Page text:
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Discussion Starter #1 (Edited)
setting my timing..vac ad plugged..shows around 12 deg advance at idle..set light at 36 for total advance rev motor till 3000 or so mark is way off..dial back the light till 14 or 16 degrees before timing marks line up..am i over looking something here..i'm sure the answer is obvious but i don't get it...help please thanks cranker
 

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Your advance is not working.

AL
 

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I think your advance is working, just you only have 12 or 14 degrees. Add the 12 degrees initial = 24 or 26 degrees total. You either need to increase your advance curve 10 degrees or set your initial to 22-24. The proper choice will depend on your engine combination.
 

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Discussion Starter #5
engine combo..stock bore 350,vortec heads,rpm performer,comp 274 490 lift 230 [email protected] .050 can you set initial timing that high?? wouldn't that make it very hard to start? sorry for the ignorance
 

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If you set 12 degrees at idle (initial timing) and @ 3000 RPM you only have a couple more degrees then your mechanical advance mechanism is sticking!! Remove the cap and rotor and make sure the weights move freely. You might need a "Curve kit" that comes with all of the weights and bushings to rebuild and tailor it to your needs.
Is it an HEI??
 

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Discussion Starter #9
just checked the weights and springs all look and seem to work fine..i am doing this the right way??? set light to 0 check initial timing.. then set light to desired total advance 36 and check it or do i set it to initial plus whatever makes the difference...say 14 innitial then set the light to 24 that equals 36
 

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just checked the weights and springs all look and seem to work fine..i am doing this the right way??? set light to 0 check initial timing.. then set light to desired total advance 36 and check it or do i set it to initial plus whatever makes the difference...say 14 innitial then set the light to 24 that equals 36
Nope....You're doing it right. You might also need to consider that the stock weights and springs aren't gonna let the advance come in that early. Look at the links in my earlier post.:yes:
 

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Set it to zero and check initial.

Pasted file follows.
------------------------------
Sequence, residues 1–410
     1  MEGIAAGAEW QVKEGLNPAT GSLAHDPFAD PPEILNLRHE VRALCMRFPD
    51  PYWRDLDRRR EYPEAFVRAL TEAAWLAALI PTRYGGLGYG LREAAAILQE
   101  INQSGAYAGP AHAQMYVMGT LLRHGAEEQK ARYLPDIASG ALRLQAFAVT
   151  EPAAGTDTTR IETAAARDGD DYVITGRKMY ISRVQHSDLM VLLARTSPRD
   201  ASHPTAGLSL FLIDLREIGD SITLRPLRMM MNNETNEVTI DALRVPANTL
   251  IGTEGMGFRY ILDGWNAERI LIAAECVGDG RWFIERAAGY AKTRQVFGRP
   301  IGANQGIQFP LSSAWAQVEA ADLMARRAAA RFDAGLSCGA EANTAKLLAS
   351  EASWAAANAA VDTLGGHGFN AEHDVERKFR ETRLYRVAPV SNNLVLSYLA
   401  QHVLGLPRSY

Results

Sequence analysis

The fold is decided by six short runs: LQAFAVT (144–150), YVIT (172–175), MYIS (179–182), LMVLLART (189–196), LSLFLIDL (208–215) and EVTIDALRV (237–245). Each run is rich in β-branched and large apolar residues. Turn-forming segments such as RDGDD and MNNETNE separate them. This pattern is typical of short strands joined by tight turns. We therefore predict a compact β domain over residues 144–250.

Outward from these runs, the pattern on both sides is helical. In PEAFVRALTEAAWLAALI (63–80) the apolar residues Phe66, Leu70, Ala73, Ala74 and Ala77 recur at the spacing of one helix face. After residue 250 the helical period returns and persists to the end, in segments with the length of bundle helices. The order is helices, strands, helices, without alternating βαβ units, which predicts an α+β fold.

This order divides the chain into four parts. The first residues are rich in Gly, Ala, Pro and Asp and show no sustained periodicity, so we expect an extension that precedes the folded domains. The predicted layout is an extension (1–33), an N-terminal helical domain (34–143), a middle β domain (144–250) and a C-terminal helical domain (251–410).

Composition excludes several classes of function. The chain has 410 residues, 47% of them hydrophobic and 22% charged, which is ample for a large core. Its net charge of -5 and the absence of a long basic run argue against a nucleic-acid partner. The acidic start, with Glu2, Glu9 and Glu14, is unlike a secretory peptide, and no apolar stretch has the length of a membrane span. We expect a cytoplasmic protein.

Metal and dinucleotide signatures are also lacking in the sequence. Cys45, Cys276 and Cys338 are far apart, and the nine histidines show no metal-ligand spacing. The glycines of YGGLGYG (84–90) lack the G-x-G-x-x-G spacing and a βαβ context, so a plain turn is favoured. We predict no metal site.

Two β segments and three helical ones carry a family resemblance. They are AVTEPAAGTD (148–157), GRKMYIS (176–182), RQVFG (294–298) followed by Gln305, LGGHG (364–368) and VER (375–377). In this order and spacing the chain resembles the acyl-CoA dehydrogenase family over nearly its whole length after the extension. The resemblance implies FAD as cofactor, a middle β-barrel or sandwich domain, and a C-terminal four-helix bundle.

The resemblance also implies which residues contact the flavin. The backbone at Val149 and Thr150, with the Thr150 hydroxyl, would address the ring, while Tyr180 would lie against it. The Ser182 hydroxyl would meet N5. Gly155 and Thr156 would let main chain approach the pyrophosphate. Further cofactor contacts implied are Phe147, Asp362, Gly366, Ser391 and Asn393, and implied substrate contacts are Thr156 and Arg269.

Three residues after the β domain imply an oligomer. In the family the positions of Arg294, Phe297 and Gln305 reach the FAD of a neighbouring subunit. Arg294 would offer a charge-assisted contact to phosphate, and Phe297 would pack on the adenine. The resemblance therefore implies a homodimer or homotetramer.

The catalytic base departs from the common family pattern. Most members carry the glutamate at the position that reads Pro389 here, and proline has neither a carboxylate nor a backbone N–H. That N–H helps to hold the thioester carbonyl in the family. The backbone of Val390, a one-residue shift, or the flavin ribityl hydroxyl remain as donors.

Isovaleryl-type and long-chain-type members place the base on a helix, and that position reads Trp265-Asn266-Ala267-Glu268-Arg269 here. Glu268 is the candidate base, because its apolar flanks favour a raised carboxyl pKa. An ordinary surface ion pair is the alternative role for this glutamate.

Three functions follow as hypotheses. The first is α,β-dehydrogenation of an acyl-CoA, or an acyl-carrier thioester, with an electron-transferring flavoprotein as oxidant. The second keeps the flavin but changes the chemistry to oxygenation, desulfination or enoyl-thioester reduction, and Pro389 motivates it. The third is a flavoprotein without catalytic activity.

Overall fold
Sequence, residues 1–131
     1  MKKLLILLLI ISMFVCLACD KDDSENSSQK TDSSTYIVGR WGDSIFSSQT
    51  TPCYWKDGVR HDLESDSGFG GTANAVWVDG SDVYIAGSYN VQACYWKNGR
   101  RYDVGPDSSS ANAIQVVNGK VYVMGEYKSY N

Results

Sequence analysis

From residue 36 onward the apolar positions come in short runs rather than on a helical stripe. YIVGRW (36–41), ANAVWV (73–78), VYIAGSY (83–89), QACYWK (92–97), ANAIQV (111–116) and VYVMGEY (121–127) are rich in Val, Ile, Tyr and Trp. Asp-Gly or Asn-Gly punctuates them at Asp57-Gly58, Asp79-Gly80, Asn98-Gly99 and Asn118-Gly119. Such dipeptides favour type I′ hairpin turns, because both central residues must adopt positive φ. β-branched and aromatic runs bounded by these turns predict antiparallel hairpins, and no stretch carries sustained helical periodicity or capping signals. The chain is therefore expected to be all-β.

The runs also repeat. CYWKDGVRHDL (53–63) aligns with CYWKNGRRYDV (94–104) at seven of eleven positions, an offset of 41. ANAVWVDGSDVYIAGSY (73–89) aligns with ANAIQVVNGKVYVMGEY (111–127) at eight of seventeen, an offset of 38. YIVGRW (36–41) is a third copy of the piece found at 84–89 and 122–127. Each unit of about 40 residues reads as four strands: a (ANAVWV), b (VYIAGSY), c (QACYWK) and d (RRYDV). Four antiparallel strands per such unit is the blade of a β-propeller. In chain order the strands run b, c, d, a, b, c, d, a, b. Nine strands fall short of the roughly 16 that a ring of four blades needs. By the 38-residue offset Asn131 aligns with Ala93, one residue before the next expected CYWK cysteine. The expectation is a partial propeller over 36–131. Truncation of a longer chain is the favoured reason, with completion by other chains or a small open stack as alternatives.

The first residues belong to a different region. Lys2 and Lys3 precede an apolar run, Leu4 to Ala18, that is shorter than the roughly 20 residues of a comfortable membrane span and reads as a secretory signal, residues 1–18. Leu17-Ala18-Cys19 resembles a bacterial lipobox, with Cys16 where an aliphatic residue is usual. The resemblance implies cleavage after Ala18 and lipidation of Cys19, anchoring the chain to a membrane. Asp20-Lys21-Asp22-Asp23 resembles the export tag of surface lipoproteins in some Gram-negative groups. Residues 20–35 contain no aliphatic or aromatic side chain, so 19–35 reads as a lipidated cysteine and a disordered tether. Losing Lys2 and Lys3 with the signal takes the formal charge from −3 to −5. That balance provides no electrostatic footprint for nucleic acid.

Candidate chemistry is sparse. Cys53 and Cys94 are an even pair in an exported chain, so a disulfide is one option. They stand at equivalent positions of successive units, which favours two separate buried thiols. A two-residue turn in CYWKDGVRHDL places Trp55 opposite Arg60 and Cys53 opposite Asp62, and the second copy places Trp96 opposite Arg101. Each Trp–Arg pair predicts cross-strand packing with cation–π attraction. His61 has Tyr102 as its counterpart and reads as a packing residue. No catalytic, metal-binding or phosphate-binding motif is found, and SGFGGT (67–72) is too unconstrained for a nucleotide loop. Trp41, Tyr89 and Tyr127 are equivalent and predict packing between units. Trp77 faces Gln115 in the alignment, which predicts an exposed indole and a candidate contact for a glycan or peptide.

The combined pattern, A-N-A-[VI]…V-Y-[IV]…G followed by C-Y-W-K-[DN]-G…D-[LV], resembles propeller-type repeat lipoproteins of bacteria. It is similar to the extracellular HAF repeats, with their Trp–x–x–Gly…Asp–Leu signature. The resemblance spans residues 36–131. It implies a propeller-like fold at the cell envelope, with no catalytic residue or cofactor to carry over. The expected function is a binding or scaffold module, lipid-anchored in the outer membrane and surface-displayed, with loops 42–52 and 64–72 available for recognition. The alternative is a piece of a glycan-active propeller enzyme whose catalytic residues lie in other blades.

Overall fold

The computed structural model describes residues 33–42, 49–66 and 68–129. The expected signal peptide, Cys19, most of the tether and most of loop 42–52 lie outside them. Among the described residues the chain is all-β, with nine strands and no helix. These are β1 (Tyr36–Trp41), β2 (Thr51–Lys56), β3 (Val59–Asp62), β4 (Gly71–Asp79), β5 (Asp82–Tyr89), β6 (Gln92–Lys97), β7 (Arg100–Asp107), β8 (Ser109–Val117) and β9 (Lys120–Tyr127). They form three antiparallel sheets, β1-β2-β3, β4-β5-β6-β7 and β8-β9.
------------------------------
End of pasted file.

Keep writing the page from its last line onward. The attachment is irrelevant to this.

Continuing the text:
That is 12 degrees by your statement.

Rev it to 3000. Turn back the dial until it reads zero mark.
Read what dial setting is.
If it says 26 degrees that's your total.

26 total minus 12 initial = 14 degrees of mechanical advance


If your HEI is stock then your advance is not working properly or has been modified.

A stock HEI might be set up for 8 degrees of initial and 30 degrees of mechanical for a total of 38 degrees.
 

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Discussion Starter #12
sounds good i'll go get this stuff right now..do you just start with the lightest spring and work up from there or the other way around...thanks for the info
 

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sounds good i'll go get this stuff right now..do you just start with the lightest spring and work up from there or the other way around...thanks for the info
The "Safest" way is to start with the heavier springs and work your way down until you hear some pinging and then just swap ONE of the springs back to the next heavier. Your goal is to find the MOST advance the engine will tolerate at any given speed/load. That's where the best performance and efficiency (MPG) will be found.:yes: On SOME of the advance kits the lightest springs are TOO light and will let the advance mechanism "Bounce around" in the higher RPM ranges. NOT good for sensitive engines..:no: ESPECIALLY is any nitrous is being used!!!:eek:
 

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The springs have no effect on how much sweep you have. That's a mechanical limit, usually the slots in the wieght plater detrmine that. The springs control the slope or rate at which maximun advance is reached.

Having actually tuned distributors myself other than using a welder :rolleyes: typically I've found that most performance motors with a decent cam respond well to one lightest and one medium spring. That gives you a curve starting at around 1000 RPM and finishing around 3000 RPM. With Vortec heads you may want to stick with that, any faster and you might encounter some pinging during low speed tooling around below 3000 RPM.

There's a hundred other factors involved in finding what initial is best, how much total your motor can use. Too much to describe here.
 

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This is "roughly" what the spring weight kit does from Mr. Gasket. If you look at the chart you can see the lightest or black springs are too fast of a curve and the silver ones are just a bit too slow. Using a combination of one black one silver seems to work well on most motors. Those that don't live in a black hole.

 

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This is "roughly" what the spring weight kit does from Mr. Gasket. If you look at the chart you can see the lightest or black springs are too fast of a curve and the silver ones are just a bit too slow. Using a combination of one black one silver seems to work well on most motors. Those that don't live in a black hole.
MSD has a good chart in their mechanical advance tuning kit instrux that gives curves of all/most of the spring combos:

http://www.msdignition.com/instructions/Products/Distributors/8464.pdf
 
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